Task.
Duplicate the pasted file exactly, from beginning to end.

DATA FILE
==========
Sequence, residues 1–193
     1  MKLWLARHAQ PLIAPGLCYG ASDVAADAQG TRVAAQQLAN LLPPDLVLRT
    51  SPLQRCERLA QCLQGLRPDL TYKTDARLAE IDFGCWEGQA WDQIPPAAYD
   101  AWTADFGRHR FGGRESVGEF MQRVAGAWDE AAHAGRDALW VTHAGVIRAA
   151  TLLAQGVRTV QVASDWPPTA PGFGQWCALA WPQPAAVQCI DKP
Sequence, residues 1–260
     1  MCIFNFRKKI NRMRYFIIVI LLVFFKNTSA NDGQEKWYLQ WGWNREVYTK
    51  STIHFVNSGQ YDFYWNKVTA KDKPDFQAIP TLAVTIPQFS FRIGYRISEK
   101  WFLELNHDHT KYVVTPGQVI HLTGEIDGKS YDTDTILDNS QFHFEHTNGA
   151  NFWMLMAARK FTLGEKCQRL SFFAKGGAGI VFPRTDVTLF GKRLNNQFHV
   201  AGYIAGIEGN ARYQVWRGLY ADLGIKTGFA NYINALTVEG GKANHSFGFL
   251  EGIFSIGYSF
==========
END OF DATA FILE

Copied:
Sequence, residues 1–193
     1  MKLWLARHAQ PLIAPGLCYG ASDVAADAQG TRVAAQQLAN LLPPDLVLRT
    51  SPLQRCERLA QCLQGLRPDL TYKTDARLAE IDFGCWEGQA WDQIPPAAYD
   101  AWTADFGRHR FGGRESVGEF MQRVAGAWDE AAHAGRDALW VTHAGVIRAA
   151  TLLAQGVRTV QVASDWPPTA PGFGQWCALA WPQPAAVQCI DKP
Sequence, residues 1–260
     1  MCIFNFRKKI NRMRYFIIVI LLVFFKNTSA NDGQEKWYLQ WGWNREVYTK
    51  STIHFVNSGQ YDFYWNKVTA KDKPDFQAIP TLAVTIPQFS FRIGYRISEK
   101  WFLELNHDHT KYVVTPGQVI HLTGEIDGKS YDTDTILDNS QFHFEHTNGA
   151  NFWMLMAARK FTLGEKCQRL SFFAKGGAGI VFPRTDVTLF GKRLNNQFHV
   201  AGYIAGIEGN ARYQVWRGLY ADLGIKTGFA NYINALTVEG GKANHSFGFL
   251  EGIFSIGYSF